The Talk Show – March, 2012

Host: Glenn Guzzo
You can submit your question or insight on any Strat-O-Matic game to When you do, kindly include your name and town. Other gamers like to see that. And the display format below works better that way.
Reminder: Send us your “Great Moments in Strat” – your playing experiences that you just have to share.
            Reading last month’s question about HBP chances makes me wonder: why don’t players (in recent years Carlos Quentin comes to mind) have HBP chances on their basic cards? 
            High-HBP batters go back to almost Day One of SOM’s history. Remember Ron Hunt in the ‘60s, who shattered the single-season record? Since then, Don Baylor, Craig Biggio and others were pitch magnets. Historically, Minnie Minoso was such a player. But the basic game has never had HBP and SOM has chosen to keep all its basic seasons compatible. New features get added to the advanced side. Since the basic game stabilized with the first full set of teams in 1962, the only changes of substance that I can recall were adding the 5-rated fielders and changing the standard pitcher fielding from 3 to 2. Other changes, such as card patterns, color, and dropping team nicknames, did not affect game play.
            I’ve been a baseball fan all my life but just discovered and started playing Strat two years ago. I have an idea but can you please explain the purpose of your clutch ratings as it relates to the overall Strat simulation? Also, Joey Votto, for example, was rated by Bill James as having one of the highest batting averages with runners in scoring position (but not necessarily two out) in the 2010 MLB season but had a -4 clutch on his Strat card. What’s the correlation, if any, between the two?
Paul Leyton, Toronto

            Welcome to this great hobby, Paul. If you enjoy it as much as we do, you will find that any day playing Strat-O-Matic is a good day (I like the new T-shirt slogan, “Did You STRAT Today?”) Your question has been asked and answered often since the clutch ratings arrived in the 1980s. Though SOM applies the clutch ratings with men in scoring position and two outs, the rating never was intended to replicate batting average in those situations. Think of the clutch rating as an RBI refinement. Also remember that clutch does not affect extra-base hits, so sluggers like Votto still retain strong value in the clutch. It’s quite common to see the big home-run hitters decline in SOM clutch. Same for leadoff hitters who had high batting averages, but few RBIs.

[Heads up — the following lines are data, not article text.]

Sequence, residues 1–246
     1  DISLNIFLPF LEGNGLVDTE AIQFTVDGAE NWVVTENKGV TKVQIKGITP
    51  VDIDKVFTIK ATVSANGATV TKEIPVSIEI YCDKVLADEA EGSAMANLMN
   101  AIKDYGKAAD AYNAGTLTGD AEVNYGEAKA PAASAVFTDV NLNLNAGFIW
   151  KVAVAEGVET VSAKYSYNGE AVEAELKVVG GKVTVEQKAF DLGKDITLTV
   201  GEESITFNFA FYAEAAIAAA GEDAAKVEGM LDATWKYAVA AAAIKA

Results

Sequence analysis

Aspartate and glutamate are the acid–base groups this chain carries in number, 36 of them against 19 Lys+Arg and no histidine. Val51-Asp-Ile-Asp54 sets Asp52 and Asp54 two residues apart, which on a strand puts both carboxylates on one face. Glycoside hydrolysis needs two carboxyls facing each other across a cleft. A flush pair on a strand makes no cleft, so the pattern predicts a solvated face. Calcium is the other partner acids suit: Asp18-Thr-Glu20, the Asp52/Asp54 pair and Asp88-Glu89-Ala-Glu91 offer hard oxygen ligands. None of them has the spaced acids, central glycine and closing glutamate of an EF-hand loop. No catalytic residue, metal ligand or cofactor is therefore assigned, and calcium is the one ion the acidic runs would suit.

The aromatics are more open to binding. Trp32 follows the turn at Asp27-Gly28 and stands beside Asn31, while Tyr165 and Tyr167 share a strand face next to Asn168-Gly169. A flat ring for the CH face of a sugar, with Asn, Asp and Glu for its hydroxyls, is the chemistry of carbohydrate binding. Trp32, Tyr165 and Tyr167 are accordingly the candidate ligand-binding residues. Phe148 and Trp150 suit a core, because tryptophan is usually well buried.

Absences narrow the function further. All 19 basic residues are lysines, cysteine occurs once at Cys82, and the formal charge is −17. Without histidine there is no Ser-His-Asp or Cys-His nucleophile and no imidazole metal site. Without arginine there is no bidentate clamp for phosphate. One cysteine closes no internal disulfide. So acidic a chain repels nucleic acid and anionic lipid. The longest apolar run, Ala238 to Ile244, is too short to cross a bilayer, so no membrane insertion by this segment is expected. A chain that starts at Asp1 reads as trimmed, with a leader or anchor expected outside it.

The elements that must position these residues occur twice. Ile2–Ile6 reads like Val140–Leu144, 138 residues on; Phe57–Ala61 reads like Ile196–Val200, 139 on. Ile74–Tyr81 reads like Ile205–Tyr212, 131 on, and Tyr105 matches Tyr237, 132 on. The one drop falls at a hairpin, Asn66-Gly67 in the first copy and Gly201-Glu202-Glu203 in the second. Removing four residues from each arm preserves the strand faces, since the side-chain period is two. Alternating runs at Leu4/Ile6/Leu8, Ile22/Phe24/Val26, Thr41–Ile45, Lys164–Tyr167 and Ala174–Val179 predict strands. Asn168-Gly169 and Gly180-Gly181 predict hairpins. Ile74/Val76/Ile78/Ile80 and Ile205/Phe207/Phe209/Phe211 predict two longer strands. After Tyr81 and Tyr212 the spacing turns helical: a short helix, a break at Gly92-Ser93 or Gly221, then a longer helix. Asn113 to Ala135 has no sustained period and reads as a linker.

WANTED: Super Bowl Tournament
            Is there a way to get just the teams that have played in a Super Bowl so I might have a tournament to see who was the greatest team in Super Bowl history? 
James, Bristow, OK

            There is no such package available for sale from Strat-O-Matic, but you can buy teams individually. However, not all Super Bowl teams are available in the current format. And some that were published in that form are now out of stock at SOM. So you would have to find them in the secondary market.
            Has it never occurred to SOM to make a team of each franchise’s best players (lifetime)? Let’s say the best 30 or so players. Do you imagine how much fun it would be!  Of course, don’t include the newly franchise like Tampa Bay, only franchises at least 20 years old. Yankees, Red Sox, White Sox, Reds, Cardinals, etc.
Orlando Leon, Live Oak, FL

            I would estimate that this frequently discussed subject has occurred to Strat-O-Matic for, oh, at least each of the last 40 years. Assuming we are talking about each player’s best season, there are two choices, each with its own challenges: Best players from sets that SOM has produced? Or best players including seasons SOM never has produced? If the former, SOM would have to decide whether the popularity of this set would undermine the sales of season sets to make the project counter-productive. If the latter, we’re talking about a major research effort to produce cards the Strat-O-Matic way. It amounts to this: Doing one team from a season according to current standards requires research for the whole league.
            An alternative would be to use each player’s best seven seasons, as was done for the Hall of Fame and Heroes sets. In that case, we have a good start on each team’s franchise roster, but a long way to go for most teams. Personally, I would find such a set irresistible. However, I know others who find all-star lineups less interesting. They would rather have to work around their team’s weaknesses and exploit their opponents’ weaknesses with in-game strategy than have a lineup where hitting away is always the best move. I suspect that if the non-HOF, non-Heroes-set players who would fill out the franchise rosters were based on seven seasons rather than one big year, we would see some weaknesses. If, for instance, very good players like Robin Ventura (White Sox 3B), Bert Campaneris (A’s SS) and Manny Sanguillen (Pirates C) became central figures in a set rich in HOF-caliber foes, we would see more of the bunt, hit-and-run, pinch-hitting and platooning.
            In the next year or two, will Strat reprint the 1961, and 1962 baseball seasons in the same way as seasons 1964, and 1965 player cards?
Phil, Passaic, NJ

            To be determined. Strat-O-Matic is analyzing which seasons are good candidates for digital printing.